Cut paper illustration by Lauren Fitzgerald

A. A. Hyde

(March 2, 1848—Jan. 10, 1935)

Philanthropist, developer of Mentholatum

 

Two things drove A. A. Hyde – faith and the power of giving generously.

His money went to charitable organizations around the world, but he was most generous to Wichita where his name is still found on a magnet elementary school, camp and park.

A. A. Hyde paper cut illustration

At the turn of the twentieth century, Hyde as the developer and promoter of Mentholatum – that aromatic ointment of menthol and camphor sold in little green jars – created a company that promoted women, provided day care services and encouraged vacations long before other corporations saw the need.

He came to Wichita in 1872 as a banker and by the late 1880s, had become one of Wichita’s wealthiest men. But when the economy went bust, Hyde tumbled into debt. To recover, Hyde, along with his brother-in-law and a few investors began a toilet soap business. By 1890, he bought his partners out and began experimenting with a menthol-based salve.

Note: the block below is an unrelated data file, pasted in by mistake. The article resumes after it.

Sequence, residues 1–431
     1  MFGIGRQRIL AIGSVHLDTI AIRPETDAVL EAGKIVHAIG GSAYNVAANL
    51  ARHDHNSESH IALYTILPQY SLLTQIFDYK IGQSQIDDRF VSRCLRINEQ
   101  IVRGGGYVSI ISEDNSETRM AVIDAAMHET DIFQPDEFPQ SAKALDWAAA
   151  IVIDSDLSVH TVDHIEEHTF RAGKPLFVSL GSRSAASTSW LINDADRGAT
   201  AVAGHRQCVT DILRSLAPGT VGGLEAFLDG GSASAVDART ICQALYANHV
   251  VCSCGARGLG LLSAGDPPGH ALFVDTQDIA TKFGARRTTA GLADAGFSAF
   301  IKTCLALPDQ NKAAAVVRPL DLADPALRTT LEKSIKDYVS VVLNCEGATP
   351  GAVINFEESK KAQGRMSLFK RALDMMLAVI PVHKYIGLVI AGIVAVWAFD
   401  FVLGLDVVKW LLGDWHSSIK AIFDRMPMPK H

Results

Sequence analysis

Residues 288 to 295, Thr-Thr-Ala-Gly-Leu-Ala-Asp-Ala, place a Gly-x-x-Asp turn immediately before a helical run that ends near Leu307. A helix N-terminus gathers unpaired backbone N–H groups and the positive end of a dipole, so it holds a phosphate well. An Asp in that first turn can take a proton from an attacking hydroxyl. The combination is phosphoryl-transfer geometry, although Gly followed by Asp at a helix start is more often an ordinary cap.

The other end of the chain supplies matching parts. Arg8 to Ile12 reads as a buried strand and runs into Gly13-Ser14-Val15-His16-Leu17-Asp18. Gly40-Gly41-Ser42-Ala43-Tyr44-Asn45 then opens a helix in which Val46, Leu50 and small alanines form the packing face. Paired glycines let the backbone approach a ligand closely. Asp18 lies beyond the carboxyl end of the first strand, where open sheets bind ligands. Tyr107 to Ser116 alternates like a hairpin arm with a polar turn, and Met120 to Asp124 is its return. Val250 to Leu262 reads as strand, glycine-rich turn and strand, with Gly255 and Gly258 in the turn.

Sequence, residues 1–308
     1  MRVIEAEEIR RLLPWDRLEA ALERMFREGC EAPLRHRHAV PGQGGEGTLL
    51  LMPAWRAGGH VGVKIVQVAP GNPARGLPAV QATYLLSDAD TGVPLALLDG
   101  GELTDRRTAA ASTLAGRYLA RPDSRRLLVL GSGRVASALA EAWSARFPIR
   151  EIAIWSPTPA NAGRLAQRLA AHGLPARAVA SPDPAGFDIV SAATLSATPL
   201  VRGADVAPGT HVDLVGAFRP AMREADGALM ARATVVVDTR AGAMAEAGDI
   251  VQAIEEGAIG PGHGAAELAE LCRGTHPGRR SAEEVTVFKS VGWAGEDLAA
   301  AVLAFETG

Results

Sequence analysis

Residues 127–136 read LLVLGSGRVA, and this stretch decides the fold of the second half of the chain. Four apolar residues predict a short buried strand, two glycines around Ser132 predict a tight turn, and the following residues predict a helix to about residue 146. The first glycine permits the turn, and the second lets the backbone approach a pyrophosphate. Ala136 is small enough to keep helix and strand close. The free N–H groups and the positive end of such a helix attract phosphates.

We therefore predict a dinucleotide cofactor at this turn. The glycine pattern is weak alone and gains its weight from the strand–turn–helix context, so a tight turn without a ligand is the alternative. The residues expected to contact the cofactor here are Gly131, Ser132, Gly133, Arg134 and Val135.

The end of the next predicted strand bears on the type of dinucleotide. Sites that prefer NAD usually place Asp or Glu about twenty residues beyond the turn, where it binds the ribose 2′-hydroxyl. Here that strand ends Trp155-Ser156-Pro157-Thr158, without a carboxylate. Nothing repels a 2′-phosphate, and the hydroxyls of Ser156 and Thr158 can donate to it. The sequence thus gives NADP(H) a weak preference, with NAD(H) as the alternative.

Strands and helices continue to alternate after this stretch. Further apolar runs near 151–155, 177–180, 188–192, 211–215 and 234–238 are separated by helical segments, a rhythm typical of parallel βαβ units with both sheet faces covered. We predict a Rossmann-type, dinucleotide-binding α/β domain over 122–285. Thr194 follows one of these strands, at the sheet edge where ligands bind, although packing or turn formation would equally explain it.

Mentholatum became known as the “Little Nurse for Little Ills” and a bottle could be found in almost any Kansas family’s home.

As his company grew, Hyde helped develop the YMCA of the Rockies at Estes Park, Colo.,  as well as other area YMCAs in Kansas, contributed to the Wichita Children’s Home, Wesley Hospital and church missionaries working overseas.

Text by Beccy Tanner
Contributor, The Journal of the Kansas Leadership Center

Cut paper illustration by Lauren Fitzgerald

 

See more Kansan portraits in this series.

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